Since receiving an unsolicited and condescending email in my work account from Hanna Skandera, I’ve been trying to be all Buddhist on her ass. I think about how Buddhists believe that when you die you not only receive all the pain and suffering that you caused directly in your lifetime, but also all the indirect pain and suffering. (90,000 students taking over 40 standardized tests in a year (32 Common Core, 6 RIA, 3-4 days of NMSBA, 4 WIDA ACCESS, 2 LAS LINKS)= unlimited pain and sorrow.) Good luck to Hanna in that moment.
For those of you out-of-the-know, Ms. Skandera is the Secretary of Education designate for New Mexico. Under her leadership, she’s ushered in an A-F school grading system (which doesn’t factor in such pesky little things like poverty or parent literacy rates). She’s put into place a teacher evaluation system that ties standardized tests scores to teachers’ grades using a mathematical equation so complex I’ve never heard anyone able to explain it. Also, under her leadership, the PED spent 4 million dollars on a two-year contract for a teacher evaluation website. (Does anyone else imagine how many teachers and/or tutors we could supply the “failing” schools to improve one-on-one direction with struggling students in reading and math???)
I put quotes around the “failing” schools part because schools aren’t really failing. Public policy to allow private money into the schools is what fails schools today. And Ms. Skandera’s ‘reforms’ put her at the top of the list of people allowing this to occur. Besides, she’s never taught a day in her life. (Supporters might counter my claim with the knowledge that Arne Duncan has never taught before either. Um, yup, my point exactly!)
I ran into a colleague, and we discussed the troublesome state we’re in as teachers today, specifically testing and evaluations. He asked, ‘”What are we supposed to do?”
Some teachers think we just have to hold on and wait out the storm so we can use our vote in next year’s election to voice our disapproval. That’s a patient plan.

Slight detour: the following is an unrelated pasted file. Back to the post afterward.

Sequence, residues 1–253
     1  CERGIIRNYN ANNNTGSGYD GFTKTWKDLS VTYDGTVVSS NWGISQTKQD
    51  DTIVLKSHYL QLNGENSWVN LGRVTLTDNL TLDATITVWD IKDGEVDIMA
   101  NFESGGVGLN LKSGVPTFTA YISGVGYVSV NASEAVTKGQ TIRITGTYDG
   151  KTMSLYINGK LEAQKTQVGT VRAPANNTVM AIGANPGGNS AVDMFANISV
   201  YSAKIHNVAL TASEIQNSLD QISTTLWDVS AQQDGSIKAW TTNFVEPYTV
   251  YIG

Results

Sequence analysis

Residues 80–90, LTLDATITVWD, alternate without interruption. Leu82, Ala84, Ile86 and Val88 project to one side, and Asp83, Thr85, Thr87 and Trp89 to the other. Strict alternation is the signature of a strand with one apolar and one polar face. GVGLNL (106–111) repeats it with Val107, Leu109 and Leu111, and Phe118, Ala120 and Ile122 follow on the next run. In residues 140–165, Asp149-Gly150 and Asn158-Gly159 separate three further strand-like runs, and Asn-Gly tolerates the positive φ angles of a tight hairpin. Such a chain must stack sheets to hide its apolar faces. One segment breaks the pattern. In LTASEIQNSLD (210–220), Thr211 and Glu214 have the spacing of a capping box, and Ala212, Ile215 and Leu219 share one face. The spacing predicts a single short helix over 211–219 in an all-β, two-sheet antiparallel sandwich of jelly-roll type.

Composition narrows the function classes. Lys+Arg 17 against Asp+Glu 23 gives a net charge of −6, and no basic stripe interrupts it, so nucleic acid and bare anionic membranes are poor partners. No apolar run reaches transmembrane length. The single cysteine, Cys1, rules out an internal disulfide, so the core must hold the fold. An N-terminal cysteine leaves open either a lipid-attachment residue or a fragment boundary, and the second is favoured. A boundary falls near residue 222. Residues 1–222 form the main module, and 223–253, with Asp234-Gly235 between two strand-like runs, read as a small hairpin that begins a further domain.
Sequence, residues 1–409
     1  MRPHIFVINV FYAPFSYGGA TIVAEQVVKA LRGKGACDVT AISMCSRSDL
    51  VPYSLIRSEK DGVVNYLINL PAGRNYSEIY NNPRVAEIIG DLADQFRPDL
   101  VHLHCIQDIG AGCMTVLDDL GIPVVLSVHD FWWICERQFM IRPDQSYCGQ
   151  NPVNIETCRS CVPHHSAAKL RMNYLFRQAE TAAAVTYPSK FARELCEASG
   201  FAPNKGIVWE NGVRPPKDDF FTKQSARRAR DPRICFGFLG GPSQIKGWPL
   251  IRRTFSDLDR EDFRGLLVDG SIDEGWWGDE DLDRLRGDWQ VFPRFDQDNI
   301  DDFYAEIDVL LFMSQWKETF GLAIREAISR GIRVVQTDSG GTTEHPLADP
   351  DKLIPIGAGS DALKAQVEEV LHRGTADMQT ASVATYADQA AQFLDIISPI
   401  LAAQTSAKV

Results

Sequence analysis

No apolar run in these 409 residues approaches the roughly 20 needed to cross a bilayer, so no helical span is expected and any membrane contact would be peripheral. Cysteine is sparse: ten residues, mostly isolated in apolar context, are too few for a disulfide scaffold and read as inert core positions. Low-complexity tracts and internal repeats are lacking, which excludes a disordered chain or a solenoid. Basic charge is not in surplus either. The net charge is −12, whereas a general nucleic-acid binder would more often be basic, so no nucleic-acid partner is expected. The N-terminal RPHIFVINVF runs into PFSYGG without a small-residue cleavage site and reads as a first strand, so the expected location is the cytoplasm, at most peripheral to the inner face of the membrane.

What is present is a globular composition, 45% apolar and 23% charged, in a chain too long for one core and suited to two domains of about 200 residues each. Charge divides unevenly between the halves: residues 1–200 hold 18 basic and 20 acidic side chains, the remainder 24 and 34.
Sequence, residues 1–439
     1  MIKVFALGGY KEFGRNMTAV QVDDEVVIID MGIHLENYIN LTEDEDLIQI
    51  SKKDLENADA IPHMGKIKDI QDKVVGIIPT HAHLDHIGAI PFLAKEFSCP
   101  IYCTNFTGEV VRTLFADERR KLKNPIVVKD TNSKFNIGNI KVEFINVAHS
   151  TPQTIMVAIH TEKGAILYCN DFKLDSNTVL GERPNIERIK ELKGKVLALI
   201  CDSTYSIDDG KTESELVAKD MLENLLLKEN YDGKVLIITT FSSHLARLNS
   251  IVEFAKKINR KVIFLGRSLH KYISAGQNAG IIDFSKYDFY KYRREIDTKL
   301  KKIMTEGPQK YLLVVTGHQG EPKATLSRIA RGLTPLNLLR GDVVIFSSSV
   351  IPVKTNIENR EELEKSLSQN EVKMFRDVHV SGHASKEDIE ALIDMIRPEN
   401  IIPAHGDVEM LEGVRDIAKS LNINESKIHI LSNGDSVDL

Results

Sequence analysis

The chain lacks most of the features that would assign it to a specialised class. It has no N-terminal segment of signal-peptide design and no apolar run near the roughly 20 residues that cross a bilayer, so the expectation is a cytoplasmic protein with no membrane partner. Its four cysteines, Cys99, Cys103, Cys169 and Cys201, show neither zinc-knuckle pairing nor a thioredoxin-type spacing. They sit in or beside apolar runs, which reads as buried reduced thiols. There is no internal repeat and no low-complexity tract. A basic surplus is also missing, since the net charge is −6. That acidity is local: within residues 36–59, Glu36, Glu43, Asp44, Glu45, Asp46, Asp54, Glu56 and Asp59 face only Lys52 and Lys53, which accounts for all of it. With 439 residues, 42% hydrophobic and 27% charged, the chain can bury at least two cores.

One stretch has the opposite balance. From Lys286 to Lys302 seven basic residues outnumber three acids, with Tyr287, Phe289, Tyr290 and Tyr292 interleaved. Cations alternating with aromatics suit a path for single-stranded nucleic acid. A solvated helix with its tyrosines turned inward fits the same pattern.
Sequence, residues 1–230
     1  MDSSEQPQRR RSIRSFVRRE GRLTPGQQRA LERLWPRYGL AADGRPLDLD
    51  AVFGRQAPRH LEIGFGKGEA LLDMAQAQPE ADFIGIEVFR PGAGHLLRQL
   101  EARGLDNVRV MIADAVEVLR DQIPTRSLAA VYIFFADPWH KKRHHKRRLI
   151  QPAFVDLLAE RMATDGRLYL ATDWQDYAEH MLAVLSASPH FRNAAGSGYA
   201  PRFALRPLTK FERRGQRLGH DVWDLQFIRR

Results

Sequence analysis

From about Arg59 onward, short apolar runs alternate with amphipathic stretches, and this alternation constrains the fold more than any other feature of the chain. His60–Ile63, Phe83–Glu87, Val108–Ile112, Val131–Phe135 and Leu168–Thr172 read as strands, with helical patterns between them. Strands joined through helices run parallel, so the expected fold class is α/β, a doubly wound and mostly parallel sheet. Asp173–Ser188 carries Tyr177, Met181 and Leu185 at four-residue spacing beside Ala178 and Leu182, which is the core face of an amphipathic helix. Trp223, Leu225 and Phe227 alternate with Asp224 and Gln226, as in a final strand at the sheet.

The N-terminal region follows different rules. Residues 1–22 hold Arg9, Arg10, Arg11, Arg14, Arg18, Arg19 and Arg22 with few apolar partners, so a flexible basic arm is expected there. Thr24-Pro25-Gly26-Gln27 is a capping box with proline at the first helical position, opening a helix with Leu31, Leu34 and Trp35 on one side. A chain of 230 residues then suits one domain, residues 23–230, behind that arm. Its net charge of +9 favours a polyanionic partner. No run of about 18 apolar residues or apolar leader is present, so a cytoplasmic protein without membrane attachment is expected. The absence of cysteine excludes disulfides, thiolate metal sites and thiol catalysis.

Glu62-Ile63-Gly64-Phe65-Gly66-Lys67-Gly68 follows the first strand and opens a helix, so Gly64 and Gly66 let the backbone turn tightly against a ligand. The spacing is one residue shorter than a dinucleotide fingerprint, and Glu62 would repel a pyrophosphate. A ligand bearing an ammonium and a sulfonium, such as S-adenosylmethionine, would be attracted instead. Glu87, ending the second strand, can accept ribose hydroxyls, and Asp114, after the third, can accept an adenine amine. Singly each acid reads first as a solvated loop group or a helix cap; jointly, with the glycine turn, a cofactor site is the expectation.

Another option is to support Diane Ravitch (former Assistant Secretary of Education during the Bush era who has changed her tune about privatization of education) and her quest to stop corporate entities from placing puppet regimes into local school boards. This is a very real situation and has been happening in my home state of Colorado.
The website Network for Public Education states: “Ravitch is partnering with other education advocates in the group Network for Public Education to counteract the wealth of Bill Gates and Michael Bloomberg, who, along with groups like Michelle Rhee’s Students First, donate to individual campaigns and ballot measures that support test-based teacher evaluations and charter schools. Ravitch’s group hopes to generate a grass roots campaign to oppose them and will grade and endorse political candidates. The group supports public school curriculums that include arts, sciences, foreign languages and physical education; better financing for schools; more respect for teachers; and the “appropriate use of testing to help students and teachers, not to punish or reward students, teachers, principals, or to close schools.”
But a third option is to jump into politics. I’m starting to believe more whole-heartedly that teachers must become politicians. Here in New Mexico, we must vote into office people who explicitly know the ins and outs, challenges and joys, frustrations and triumphs of being in a classroom everyday so these people can create change against the Skandera’s of the world: those who seek to create monetary advancement for the private sector on the backs of students born into poverty.
Until people in public office understand our job, it’s unlikely we’ll be able to see ourselves reflected and represented in our leadership. If that person is you—a fellow teacher—please consider public office. If you’re a spouse of a teacher and know he/she is perfect for the job, please support him/her in that decision. You just might be the solution.
Who do you want to run for public office?